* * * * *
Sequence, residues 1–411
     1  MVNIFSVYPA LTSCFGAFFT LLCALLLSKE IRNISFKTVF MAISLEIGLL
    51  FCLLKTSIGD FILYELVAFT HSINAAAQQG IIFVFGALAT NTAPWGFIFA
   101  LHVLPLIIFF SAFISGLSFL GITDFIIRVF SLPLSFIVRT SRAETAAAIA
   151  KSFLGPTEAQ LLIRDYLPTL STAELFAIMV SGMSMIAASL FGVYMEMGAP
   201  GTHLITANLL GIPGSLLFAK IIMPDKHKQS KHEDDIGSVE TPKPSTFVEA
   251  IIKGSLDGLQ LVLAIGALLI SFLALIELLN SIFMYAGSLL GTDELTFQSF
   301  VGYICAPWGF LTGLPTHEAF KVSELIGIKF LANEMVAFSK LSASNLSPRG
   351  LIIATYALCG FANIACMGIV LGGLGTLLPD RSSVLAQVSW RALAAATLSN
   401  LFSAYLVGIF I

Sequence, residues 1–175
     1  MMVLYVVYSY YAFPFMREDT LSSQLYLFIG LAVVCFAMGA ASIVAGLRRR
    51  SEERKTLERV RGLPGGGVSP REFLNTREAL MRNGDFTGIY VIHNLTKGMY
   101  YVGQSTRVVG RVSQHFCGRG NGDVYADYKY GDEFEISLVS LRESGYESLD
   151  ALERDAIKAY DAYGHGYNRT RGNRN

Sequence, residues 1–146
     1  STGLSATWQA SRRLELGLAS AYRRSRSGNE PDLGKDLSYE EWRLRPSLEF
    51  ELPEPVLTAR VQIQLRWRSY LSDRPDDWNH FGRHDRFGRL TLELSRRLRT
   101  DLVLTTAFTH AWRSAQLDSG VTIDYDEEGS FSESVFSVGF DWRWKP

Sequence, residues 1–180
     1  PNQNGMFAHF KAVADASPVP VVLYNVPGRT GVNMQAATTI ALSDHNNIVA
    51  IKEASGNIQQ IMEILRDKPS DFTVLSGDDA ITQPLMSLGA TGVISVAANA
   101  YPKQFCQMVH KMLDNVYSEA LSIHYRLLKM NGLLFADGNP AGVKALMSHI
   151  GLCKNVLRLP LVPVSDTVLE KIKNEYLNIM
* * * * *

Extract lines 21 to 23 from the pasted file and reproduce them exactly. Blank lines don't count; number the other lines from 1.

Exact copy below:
     1  PNQNGMFAHF KAVADASPVP VVLYNVPGRT GVNMQAATTI ALSDHNNIVA
    51  IKEASGNIQQ IMEILRDKPS DFTVLSGDDA ITQPLMSLGA TGVISVAANA
   101  YPKQFCQMVH KMLDNVYSEA LSIHYRLLKM NGLLFADGNP AGVKALMSHI